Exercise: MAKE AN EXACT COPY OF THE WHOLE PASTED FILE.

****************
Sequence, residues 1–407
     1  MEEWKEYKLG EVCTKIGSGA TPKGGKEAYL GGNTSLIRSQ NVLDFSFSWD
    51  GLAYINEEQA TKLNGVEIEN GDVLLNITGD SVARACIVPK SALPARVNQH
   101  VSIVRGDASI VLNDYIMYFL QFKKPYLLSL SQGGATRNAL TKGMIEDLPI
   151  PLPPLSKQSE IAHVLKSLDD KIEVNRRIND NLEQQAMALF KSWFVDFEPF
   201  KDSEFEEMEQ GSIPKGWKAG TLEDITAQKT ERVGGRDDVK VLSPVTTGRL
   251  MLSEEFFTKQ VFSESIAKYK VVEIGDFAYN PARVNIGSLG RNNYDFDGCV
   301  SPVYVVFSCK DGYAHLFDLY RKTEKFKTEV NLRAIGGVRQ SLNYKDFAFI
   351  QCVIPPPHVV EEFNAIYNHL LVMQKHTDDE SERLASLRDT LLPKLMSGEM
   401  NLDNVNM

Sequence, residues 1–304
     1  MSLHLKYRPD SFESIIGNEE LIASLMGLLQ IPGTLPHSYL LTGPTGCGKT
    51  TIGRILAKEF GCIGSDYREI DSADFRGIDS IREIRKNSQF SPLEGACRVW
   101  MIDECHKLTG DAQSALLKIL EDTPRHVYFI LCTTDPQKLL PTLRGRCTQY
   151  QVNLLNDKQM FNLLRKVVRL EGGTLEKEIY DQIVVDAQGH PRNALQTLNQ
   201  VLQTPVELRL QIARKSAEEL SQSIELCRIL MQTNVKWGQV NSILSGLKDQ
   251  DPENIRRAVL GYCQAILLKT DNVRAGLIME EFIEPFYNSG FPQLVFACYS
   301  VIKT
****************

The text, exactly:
Sequence, residues 1–407
     1  MEEWKEYKLG EVCTKIGSGA TPKGGKEAYL GGNTSLIRSQ NVLDFSFSWD
    51  GLAYINEEQA TKLNGVEIEN GDVLLNITGD SVARACIVPK SALPARVNQH
   101  VSIVRGDASI VLNDYIMYFL QFKKPYLLSL SQGGATRNAL TKGMIEDLPI
   151  PLPPLSKQSE IAHVLKSLDD KIEVNRRIND NLEQQAMALF KSWFVDFEPF
   201  KDSEFEEMEQ GSIPKGWKAG TLEDITAQKT ERVGGRDDVK VLSPVTTGRL
   251  MLSEEFFTKQ VFSESIAKYK VVEIGDFAYN PARVNIGSLG RNNYDFDGCV
   301  SPVYVVFSCK DGYAHLFDLY RKTEKFKTEV NLRAIGGVRQ SLNYKDFAFI
   351  QCVIPPPHVV EEFNAIYNHL LVMQKHTDDE SERLASLRDT LLPKLMSGEM
   401  NLDNVNM

Sequence, residues 1–304
     1  MSLHLKYRPD SFESIIGNEE LIASLMGLLQ IPGTLPHSYL LTGPTGCGKT
    51  TIGRILAKEF GCIGSDYREI DSADFRGIDS IREIRKNSQF SPLEGACRVW
   101  MIDECHKLTG DAQSALLKIL EDTPRHVYFI LCTTDPQKLL PTLRGRCTQY
   151  QVNLLNDKQM FNLLRKVVRL EGGTLEKEIY DQIVVDAQGH PRNALQTLNQ
   201  VLQTPVELRL QIARKSAEEL SQSIELCRIL MQTNVKWGQV NSILSGLKDQ
   251  DPENIRRAVL GYCQAILLKT DNVRAGLIME EFIEPFYNSG FPQLVFACYS
   301  VIKT